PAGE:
While the ability to capture CO2 from coal-fired and natural gas power plants remains under investigation, and the ability to store CO2 underground remains in doubt, people are now looking at what it would take to transport the CO2 from where it’s been captured to where it might be sequestered.
The second edition of Carbon Folly contains a map that I prepared showing where CO2 pipelines might have to be built in the United States.
The map is based on transporting CO2 from 417 coal-fired power plants, rated 100 MW and above, to locations where it might be possible to sequester the CO2. The map does not include pipelines for transporting CO2 from the remaining coal-fired power plants, natural gas power plants or from cement mills and other industrial operations, such as steel mills.
The total length of the pipelines shown in the map is nearly 11,000 miles.
In November 2011, the CO2Europipe project published a map showing where CO2 pipelines would be needed in Europe by 2050.
There were some important differences between the two approaches.
- While my projections limited transporting CO2 from only 417 coal-fired power plants, the CO2Europipe project included industrial locations, such as steel mills. It also grouped point sources into clusters.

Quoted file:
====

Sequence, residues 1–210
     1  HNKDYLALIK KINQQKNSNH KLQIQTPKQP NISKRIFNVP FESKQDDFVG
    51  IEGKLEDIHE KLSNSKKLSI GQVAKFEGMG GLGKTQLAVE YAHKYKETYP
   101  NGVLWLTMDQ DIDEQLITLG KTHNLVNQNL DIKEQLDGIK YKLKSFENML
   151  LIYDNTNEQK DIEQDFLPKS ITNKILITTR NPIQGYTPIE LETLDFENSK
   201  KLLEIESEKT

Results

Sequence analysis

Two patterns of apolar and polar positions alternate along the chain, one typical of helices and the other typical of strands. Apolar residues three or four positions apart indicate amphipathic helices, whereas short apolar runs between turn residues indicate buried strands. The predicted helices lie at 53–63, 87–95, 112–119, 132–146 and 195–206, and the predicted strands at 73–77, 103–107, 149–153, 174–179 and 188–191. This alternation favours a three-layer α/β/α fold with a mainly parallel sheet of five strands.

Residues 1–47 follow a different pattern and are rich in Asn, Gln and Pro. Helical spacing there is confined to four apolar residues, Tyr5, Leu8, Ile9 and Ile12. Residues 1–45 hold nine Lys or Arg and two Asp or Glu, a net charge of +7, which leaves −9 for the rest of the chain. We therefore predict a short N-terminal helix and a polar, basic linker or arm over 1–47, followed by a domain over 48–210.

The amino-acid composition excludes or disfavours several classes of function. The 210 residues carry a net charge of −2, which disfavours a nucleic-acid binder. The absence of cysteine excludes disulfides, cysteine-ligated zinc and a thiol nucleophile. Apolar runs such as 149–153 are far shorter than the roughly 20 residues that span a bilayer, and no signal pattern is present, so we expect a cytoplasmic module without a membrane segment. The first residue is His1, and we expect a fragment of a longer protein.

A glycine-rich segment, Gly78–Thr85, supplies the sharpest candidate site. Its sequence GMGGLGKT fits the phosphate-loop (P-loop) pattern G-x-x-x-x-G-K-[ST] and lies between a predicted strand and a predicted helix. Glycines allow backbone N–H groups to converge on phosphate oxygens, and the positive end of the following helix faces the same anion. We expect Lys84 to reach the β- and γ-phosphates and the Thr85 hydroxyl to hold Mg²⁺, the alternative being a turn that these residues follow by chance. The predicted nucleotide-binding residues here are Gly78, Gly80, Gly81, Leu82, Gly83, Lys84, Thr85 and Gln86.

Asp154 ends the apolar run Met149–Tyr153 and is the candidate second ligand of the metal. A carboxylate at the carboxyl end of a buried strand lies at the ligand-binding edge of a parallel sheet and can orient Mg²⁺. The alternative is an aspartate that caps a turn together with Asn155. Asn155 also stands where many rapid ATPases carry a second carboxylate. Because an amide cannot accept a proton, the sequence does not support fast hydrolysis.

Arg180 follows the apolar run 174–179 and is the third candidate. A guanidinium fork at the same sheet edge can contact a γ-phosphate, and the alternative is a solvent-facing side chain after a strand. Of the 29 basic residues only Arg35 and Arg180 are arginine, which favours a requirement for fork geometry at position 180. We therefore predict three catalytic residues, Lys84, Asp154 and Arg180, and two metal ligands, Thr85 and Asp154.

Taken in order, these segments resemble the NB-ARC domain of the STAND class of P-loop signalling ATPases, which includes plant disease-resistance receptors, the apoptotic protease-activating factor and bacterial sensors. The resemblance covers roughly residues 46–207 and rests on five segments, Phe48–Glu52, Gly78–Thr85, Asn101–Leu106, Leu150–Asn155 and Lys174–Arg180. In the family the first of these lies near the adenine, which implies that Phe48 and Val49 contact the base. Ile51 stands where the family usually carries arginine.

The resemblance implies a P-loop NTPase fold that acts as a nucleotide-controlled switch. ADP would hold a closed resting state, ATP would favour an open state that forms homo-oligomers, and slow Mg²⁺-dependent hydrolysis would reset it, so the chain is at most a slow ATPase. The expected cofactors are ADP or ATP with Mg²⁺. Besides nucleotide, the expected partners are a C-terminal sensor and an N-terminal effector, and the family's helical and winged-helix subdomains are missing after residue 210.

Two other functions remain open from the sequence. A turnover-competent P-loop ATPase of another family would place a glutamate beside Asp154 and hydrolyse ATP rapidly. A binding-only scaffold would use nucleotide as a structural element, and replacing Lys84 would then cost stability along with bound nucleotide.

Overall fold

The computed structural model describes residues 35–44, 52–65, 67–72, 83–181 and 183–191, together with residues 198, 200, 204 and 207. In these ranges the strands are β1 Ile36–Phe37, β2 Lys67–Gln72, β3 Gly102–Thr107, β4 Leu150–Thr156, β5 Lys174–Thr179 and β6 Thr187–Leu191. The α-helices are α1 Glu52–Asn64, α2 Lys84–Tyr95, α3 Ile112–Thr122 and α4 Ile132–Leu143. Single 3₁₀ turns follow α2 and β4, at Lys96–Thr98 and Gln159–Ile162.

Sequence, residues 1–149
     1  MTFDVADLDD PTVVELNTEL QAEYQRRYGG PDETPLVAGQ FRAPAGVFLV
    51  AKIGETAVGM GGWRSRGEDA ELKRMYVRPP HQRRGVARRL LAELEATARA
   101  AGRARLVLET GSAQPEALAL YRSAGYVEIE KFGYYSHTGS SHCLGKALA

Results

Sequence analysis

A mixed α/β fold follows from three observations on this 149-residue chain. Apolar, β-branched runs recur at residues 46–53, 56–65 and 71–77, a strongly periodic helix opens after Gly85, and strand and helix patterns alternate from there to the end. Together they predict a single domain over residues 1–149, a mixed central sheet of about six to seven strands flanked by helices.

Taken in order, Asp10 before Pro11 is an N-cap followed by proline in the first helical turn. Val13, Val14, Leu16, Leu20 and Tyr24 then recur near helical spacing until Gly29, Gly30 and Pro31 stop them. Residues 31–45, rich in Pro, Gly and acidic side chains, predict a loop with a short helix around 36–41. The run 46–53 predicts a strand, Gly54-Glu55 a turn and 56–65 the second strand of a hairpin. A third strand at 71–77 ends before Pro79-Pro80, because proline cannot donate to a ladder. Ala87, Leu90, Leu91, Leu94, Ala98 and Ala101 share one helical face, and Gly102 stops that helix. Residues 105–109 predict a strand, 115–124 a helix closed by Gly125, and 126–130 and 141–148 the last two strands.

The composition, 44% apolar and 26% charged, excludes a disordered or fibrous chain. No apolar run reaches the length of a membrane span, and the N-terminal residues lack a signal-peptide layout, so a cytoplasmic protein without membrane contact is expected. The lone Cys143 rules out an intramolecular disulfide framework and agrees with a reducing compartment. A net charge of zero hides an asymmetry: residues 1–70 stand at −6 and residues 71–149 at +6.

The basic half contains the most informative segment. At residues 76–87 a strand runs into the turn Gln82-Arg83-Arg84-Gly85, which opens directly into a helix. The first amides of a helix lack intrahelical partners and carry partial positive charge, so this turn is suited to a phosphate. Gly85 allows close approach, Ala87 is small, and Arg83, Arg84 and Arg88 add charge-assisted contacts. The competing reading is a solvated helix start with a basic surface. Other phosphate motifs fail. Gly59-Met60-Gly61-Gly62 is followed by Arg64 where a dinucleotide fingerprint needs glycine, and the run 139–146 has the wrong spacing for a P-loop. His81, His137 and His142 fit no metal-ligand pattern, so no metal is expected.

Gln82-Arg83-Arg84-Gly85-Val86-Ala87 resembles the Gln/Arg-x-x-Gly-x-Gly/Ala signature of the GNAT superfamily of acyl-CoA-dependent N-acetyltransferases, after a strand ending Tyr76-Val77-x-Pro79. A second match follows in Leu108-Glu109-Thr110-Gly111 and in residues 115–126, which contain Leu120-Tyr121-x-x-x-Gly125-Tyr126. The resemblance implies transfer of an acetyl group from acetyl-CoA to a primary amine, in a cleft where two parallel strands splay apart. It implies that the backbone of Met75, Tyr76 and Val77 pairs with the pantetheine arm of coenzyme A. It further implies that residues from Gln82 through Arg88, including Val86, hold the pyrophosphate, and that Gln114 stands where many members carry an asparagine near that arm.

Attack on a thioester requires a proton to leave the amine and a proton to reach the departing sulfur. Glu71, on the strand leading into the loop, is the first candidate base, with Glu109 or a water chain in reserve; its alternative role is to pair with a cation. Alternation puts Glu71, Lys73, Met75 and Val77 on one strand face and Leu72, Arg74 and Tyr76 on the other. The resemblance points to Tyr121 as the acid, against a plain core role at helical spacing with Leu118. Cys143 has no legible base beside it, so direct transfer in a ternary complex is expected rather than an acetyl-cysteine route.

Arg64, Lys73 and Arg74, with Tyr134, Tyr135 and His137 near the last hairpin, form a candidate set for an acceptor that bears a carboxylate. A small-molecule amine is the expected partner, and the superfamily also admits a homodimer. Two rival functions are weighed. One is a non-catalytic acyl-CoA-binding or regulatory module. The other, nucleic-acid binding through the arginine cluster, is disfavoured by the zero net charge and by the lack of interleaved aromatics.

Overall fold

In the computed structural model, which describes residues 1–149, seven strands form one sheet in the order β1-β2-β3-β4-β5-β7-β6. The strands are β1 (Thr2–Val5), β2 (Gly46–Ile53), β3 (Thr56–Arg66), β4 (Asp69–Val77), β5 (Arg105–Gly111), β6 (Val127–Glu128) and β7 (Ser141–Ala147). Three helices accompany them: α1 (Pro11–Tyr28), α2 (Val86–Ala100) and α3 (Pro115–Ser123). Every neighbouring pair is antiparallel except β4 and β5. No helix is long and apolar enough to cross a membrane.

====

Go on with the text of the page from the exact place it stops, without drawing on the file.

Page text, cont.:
- The CO2Europipe project also included underwater pipelines to allow sequestration under the North Sea.
- The projected cost of the European pipeline was about $68 billion, or roughly three times my estimate. Part of the difference is caused by the higher cost of pipelines routed underwater. The CO2Europipe project also had more engineers working on the project, which probably resulted in more detailed estimates.
- The European pipeline would also cross country borders. Cross border issues complicate construction, funding and sequestration. Local popular discontent with CO2 sequestration is complicating decision making.
There were also some similarities between my projections and those of the CO2Europipe project.
- The CO2Europipe project concluded there would be a need for at least 13,000 miles of pipelines.
- The CO2Europipe report also reiterated there would be safety issues when transporting CO2 at high pressures of approximately 2,000 psi. Issues surrounding the purity of the CO2 stream, mixing of different streams and prevention of crack propagation are examples.
- The report also reiterated the fact that locations for sequestering CO2 had not been properly evaluated.
Carbon Folly contains more detailed information about CCS and the pipelines required for transporting CO2. Carbon Folly also explores other related issues. See www.carbonfolly.com
The EU study of CO2 transportation issues, coupled with problems surrounding CO2 capture and sequestration, reinforces the impression that CCS is a boondoggle that should be abandoned.
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